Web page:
Closets, countertops, cabinets, bookshelves and garages can easily become catch-alls, so go through these spaces with a discerning eye and be honest—is this item important enough to pack and haul it to your new place? Even if your move is still weeks away, a mindset shift toward early preparation will save you from wasting time down the line.
Albert suggests asking three questions during the purge process for each item:
Do I need it?
Do I use it?
Do I love it?
If the answer is no to all three, then it’s time to put it in one of your piles: sell, donate, or toss.
Items you should try to sell
You can make money on clothes and accessories in good condition (especially anything designer) by posting them on apps like Poshmark or eBay.
Furniture that won’t fit into your new place. Post your La-Z-Boys and platform bed frames for sale on Craigslist, click on “post to classifieds” in the upper lefthand corner of your city’s homepage (start here to find your local Craigslist site).
Worthy items for the donation pile
Through your real estate agent, communicate with the buyers of your home about any items you’d rather leave behind and see if they’d have any use for them. If you’re moving from a house to an apartment where maintenance will be handled for you, you’ll no longer need your wheelbarrow, gardening tools or hedge trimmer. Remember, you can’t leave a single item behind when you move unless the buyers have confirmed they’d like to keep it.
Got a stockpile of travel size shampoos, lotions and soaps from various trips? Find a local men’s or women’s shelter and take extra toiletry items there.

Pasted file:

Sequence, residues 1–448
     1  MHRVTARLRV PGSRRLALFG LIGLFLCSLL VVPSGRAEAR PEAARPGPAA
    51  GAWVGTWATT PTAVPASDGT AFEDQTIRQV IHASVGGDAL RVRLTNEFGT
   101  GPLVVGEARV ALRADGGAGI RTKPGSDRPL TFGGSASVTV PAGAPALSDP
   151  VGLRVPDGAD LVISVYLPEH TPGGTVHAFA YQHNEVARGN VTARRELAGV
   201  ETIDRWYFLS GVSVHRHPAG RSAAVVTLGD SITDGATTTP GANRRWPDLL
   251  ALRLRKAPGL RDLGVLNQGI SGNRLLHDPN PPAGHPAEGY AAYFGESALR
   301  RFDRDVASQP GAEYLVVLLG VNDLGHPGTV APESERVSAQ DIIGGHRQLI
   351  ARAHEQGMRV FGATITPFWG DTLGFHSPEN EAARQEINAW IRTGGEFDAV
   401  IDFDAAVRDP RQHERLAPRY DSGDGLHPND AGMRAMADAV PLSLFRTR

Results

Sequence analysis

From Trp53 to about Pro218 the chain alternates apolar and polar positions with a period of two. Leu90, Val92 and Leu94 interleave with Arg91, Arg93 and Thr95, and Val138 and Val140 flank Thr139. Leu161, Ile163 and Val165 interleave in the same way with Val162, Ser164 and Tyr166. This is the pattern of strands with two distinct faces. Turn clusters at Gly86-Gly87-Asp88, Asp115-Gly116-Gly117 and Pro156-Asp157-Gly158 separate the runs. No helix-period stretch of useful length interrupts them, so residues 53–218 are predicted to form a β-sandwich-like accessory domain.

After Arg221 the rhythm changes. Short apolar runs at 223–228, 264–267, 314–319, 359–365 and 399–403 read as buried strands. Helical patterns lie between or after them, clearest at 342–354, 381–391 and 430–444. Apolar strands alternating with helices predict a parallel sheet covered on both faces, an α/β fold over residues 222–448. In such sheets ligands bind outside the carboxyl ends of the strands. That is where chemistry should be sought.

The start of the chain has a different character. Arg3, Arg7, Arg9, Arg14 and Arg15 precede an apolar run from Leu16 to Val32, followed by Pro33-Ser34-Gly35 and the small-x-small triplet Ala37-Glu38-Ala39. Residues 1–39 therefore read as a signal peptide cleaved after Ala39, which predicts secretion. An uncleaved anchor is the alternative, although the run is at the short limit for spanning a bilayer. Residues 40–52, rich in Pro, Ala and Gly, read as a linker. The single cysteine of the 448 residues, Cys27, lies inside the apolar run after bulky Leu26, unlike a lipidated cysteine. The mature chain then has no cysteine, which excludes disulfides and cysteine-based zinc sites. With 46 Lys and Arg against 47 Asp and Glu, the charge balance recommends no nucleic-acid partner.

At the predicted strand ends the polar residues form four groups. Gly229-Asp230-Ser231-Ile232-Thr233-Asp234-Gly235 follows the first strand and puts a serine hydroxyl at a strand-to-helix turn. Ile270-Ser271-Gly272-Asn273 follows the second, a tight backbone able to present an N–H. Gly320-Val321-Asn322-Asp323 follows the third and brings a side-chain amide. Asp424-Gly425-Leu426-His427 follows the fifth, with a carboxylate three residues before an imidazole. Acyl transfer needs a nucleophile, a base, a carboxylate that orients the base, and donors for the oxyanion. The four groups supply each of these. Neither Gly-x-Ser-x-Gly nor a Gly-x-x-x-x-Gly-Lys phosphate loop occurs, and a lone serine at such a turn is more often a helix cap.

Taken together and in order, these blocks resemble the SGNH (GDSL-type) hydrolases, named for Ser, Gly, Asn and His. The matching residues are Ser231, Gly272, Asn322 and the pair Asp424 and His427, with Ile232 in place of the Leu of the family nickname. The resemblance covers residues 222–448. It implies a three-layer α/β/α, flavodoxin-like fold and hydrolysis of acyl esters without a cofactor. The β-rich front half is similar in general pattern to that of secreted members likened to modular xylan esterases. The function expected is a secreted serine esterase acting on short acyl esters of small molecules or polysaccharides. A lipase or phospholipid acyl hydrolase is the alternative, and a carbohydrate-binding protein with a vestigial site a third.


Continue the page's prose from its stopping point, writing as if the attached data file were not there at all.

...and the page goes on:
Toss these things! And never look back
Expired food! If your refrigerator door filled with half-used bottles of condiments or your deep freezer overflowing with frozen veggies and bread? Pitch anything that’s almost gone, looks old, freezer burned or close to expiring: ketchup, mayo, jellies, pickles, soy sauce, and salad dressings.
Same goes for clutter—old magazines, junk mail, cards and coupons, old magnets, chipped dishes and glasses, ripped linens or towels, expired cosmetics, old medications and lotions, clothes and shoes in poor condition, and excess holiday decorations.
5. Host a pre-move party for family and friends
As the saying goes, “One man’s trash is another man’s treasure.” Before you send perfectly good items to the landfill, Albert recommends hosting a pre-move party and invite friends, family and neighbors over to go through your unwanted goods.
Remember your dream team—the ones helping you pack?
Repay the favor and give them your half-used liquor bottles, cleaning supplies and perishable fridge items.
As Albert notes, it’s much cheaper and easier to restock once you’re settled into your new home than hassle with moving those items.
It’s also a great time to send your grown children home with any lingering momentos from high school or college.
Who knows what’s hiding in the garage, attic or basement—Barbies, hockey skates, an antique Radio Flyer wagon? Give them first dibs to grab anything sentimental from childhood—or anything they might want to pass on to their own children.
If you’re ready to downsize, consider giving away family photos, heirlooms, furniture or other personal belongings to the people you want to have them.
As estate lawyers will tell you, this avoids hurt feelings and family feuds, or the possibility of it ending up in the wrong hands or an estate sale, in the event of an unexpected illness or death.
“Why not have your family members enjoy your china and all your other items so you can see them in action?” Albert says.
6. Hold a quick weekend sale for the final purge
Live on a busy street? Have lots of large or valuable items to off-load? People still enjoy stopping at good old-fashioned garage sales. Some of the top sellers include:
Larger, quality items such as furniture and appliances
Power tools and sporting equipment
Lawn care and gardening items, home building supplies
Electronics, office equipment
Good used toys and bicycles
Items for kids, toddlers and babies
Kitchenware, CDs/DVDs, household goods
Used clothes priced cheap tools (typically under $1)